The numbers are in: ridership has skyrocketed on Bloor.
Cycle Toronto has analyzed City of Toronto data* and the numbers are in: Nearly one million cyclists rode the Bloor bike lanes between Avenue Rd. and Shaw St. between February 2018 and February 2019. This ridership makes the 2.4km stretch of bike lanes on Bloor St one of the busiest cycling routes on the continent - comparable to Vancouver’s Burrard Bridge, which counted 1.13 million trips in 2017 - the highest in North America.
“The numbers we’re seeing on Bloor St are even more impressive when you consider that it remains disconnected, linking to only two continuous north-south routes (Shaw and St. George - neither of which are protected facilities),” said Jared Kolb, Executive Director of Cycle Toronto. “If one segment on its own can lead to substantial increases in ridership, imagine what a westward extension, and eventually a city-wide grid, could achieve.”
A year of counts reveals just shy of a million rides on the Bloor bike lanes, making them one of North America’s busiest bikeways.
*Partial data collected February 10-28, 2018; linear extrapolation used to estimate monthly total; all data with thanks to Traffic Data Collection & Analysis, Traffic Safety Unit, Transportation Services.
Conditions are ripe for a westward expansion connecting the ROM to High Park
In addition to City data, we worked with cycling advocacy group Bells on Bloor; together, our volunteers found impressive ridership at Bloor and Dufferin, where there are no bike lanes, and no safe alternative routes. On a relatively chilly day in September 2018, volunteers counted nearly 3,000 cyclists, indicating high demand for cycling along a section of Bloor that is, quite frankly, hostile to cyclists. Based on the City's top 10 cycling facilities, this section of Bloor would immediately enter the top 10, possibly moving into the top five.
Proposed westward expansion from High Park Ave. to Shaw St.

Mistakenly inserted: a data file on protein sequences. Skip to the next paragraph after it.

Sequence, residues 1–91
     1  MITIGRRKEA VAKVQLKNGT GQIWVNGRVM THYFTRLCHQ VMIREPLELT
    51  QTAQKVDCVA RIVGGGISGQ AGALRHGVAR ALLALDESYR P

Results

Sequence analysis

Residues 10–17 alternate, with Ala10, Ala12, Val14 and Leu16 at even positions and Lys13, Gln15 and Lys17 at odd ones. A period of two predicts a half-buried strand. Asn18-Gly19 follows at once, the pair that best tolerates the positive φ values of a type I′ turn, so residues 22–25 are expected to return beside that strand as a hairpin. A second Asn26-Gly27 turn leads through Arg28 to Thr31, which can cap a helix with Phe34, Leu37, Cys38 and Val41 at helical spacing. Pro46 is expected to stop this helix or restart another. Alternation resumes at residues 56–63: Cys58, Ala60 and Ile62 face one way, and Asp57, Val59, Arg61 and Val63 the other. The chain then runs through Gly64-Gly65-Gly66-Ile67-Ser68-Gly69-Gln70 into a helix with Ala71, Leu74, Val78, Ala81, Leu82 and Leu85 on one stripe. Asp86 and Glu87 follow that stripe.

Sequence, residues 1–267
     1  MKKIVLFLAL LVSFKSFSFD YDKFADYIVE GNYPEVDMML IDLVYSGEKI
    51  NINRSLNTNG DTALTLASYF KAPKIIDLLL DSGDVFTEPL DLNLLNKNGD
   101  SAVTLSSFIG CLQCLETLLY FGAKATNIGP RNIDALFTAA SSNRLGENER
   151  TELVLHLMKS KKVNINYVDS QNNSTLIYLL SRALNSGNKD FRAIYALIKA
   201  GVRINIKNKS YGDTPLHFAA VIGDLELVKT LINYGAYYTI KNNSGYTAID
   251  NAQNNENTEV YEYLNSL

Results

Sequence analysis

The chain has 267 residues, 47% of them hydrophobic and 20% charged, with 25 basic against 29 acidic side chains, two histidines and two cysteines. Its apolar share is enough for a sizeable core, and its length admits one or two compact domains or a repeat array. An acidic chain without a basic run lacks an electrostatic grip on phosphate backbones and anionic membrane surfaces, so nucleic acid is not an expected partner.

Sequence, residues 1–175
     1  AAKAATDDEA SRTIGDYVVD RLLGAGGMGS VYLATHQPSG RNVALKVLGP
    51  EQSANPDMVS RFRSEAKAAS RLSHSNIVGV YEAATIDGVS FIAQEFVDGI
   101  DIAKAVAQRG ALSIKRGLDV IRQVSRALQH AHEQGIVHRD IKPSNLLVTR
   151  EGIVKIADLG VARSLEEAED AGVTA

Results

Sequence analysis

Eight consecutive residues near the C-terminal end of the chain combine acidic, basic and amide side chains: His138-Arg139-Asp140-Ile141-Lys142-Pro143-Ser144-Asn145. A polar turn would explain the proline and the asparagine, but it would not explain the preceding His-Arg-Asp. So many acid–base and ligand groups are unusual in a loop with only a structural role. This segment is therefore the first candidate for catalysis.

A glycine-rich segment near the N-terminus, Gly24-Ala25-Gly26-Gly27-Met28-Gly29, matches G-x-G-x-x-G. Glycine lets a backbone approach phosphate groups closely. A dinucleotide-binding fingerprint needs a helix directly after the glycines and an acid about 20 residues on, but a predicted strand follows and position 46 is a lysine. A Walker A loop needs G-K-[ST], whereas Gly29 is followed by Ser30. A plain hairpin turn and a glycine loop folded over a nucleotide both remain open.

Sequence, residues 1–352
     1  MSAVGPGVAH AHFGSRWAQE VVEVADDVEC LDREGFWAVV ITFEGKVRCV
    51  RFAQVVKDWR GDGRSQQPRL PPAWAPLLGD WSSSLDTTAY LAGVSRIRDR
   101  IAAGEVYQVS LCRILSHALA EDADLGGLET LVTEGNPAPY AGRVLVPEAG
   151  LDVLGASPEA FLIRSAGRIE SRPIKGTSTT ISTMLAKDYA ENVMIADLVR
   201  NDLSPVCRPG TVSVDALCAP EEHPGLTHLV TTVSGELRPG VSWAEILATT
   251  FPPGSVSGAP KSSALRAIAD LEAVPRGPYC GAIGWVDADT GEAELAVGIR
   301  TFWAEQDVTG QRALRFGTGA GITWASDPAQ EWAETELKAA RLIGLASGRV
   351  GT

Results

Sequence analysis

People are riding. The infrastructure needs to catch up.
Despite challenging conditions, people are riding on Bloor St between Shaw St and High Park Ave like never before. On the section of Bloor where we conducted counts, there’s nothing separating people biking and driving: no painted lanes, no separated lanes, not even wayfinding signage indicating nearby cycling connections.
We know that new riders rely on infrastructure that gives them their own space and that is connected to other cycling routes. We have a significant opportunity to create a premier bikeway connecting the Royal Ontario Museum to High Park.
"As Toronto grows and cycling increases in popularity, we must ensure everyone is able to move around our city safely and efficiently," said Deputy Mayor Ana Bailão (Councillor Ward 9 – Davenport). "That's why we must move forward as soon as possible on the Bloor corridor study and engage with all users of the road, local businesses and residents to create a safe environment for all."
Our 2018 #BuildtheGrid election campaign revealed that over half of elected councillors support building separated bike lanes on main streets like Bloor, Danforth, and Yonge. But we continually face resistance to getting it done. Cycle Toronto is calling on Toronto City Council to extend the bike lanes on Bloor St to High Park Ave by 2020.
Bloor counts: the full dataset
Please click the image to download the Excel spreadsheet of hourly counts from February 10, 2018 to February 9, 2019.
Data courtesy of Traffic Data Collection & Analysis, Traffic Safety Unit, Transportation Services.
Data analysis courtesy of Cycle Toronto's Advocacy Committee.
We're leading the call to the Mayor and City Council to extend the Bloor bike lanes westward.
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